Other things to look for include chasses placed in cabinets from a different year, “doctored” tube charts, non-original control plates (usually reproductions) on silverface amps, original transformer bell ends (they have correct date codes, of course) on non-original transformers, and non-original knobs (either repro or silverface knobs on blackface amps).unusual things can be found such as the empty “Pulse Adjust” hole on the rear of early ’60 brown amps, the “middle” volume control, use of tweed style grill cloth, strange non-documented transitional circuits, and changes in tolex color including the super-rare cream colored “brown” tolex that is found on some late ’60 amps. Given that people may refer to this information seeking specific production quantities of amps they are curious about, it should be pointed out that the serial numbers apply to chassis types, and not specifically to amplifier models.Looking at serial numbers next to the ’60 5G5 brown Pro Amp for example, we see numbers ranging from 00001 to 02000, suggesting that there are 2000 of these amplifiers made in ’60.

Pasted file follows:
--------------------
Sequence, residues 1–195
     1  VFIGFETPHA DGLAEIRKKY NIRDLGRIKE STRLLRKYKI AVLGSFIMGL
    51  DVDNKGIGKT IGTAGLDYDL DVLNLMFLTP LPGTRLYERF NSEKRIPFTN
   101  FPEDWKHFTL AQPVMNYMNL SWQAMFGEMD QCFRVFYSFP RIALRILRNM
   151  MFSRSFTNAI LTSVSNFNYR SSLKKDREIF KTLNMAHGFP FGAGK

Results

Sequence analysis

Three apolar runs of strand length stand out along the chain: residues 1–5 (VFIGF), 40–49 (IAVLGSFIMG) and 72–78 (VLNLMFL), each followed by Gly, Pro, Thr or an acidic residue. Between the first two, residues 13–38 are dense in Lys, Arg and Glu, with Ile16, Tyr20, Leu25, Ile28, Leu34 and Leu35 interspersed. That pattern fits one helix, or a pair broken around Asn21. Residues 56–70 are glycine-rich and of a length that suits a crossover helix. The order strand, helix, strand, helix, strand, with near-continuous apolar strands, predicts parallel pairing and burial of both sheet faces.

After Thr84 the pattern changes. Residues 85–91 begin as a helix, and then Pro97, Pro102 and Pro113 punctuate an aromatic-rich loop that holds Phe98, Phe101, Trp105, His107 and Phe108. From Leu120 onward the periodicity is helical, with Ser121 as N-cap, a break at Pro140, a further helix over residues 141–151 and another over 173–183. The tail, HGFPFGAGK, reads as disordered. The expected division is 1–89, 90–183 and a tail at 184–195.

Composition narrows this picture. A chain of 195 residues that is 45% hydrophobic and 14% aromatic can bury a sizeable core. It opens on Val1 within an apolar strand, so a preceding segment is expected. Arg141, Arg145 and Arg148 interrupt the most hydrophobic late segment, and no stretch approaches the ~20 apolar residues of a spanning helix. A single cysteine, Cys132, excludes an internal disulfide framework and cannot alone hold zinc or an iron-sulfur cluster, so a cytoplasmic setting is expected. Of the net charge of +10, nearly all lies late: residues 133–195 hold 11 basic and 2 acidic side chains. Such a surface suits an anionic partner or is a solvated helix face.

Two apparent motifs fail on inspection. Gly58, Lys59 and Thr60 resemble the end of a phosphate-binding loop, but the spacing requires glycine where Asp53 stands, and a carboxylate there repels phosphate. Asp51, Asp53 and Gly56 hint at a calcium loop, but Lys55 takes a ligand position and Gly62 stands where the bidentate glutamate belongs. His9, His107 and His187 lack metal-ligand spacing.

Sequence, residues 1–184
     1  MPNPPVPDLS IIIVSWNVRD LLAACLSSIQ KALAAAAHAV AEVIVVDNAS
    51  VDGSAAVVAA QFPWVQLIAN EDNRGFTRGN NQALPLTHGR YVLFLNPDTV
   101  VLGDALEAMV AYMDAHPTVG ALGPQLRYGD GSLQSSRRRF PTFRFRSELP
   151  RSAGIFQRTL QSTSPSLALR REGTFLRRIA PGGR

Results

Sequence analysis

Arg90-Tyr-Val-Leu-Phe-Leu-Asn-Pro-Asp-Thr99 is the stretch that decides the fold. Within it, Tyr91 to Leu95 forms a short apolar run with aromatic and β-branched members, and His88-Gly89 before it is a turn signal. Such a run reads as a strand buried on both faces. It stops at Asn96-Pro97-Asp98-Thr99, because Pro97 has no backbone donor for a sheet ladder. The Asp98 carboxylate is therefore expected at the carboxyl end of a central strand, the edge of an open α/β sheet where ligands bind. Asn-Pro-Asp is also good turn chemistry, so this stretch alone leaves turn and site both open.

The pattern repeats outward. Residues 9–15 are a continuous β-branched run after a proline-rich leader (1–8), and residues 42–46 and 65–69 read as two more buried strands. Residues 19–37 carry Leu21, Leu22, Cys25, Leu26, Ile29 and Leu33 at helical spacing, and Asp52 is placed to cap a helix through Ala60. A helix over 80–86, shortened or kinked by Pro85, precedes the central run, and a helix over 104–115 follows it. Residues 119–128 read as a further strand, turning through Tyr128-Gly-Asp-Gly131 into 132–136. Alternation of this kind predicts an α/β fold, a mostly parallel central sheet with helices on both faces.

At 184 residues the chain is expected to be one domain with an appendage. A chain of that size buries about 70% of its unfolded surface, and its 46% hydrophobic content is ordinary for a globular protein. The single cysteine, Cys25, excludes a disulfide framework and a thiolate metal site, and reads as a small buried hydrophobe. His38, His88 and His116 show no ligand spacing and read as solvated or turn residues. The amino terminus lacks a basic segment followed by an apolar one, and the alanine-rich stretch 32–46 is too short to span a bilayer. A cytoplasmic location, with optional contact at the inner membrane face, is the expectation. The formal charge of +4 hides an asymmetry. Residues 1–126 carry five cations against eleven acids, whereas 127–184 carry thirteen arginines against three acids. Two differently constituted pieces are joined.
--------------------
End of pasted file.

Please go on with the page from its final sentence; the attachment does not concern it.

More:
If I could have one superpower, it would be the power of Dinner Deciding.
I promise the tables will still be there after you finish reading.
Okay, I know you’re all just dying to skip ahead to the serial number tables but try to contain your excitement and read through the article first.
Are you searching for someone to travel around the world with you?
Then perhaps the home-owning workaholic with the needy wolfhound will never be more than a fun distraction until your next flight. Wolfhound about this from the outset, so as not to break any hearts (including your own).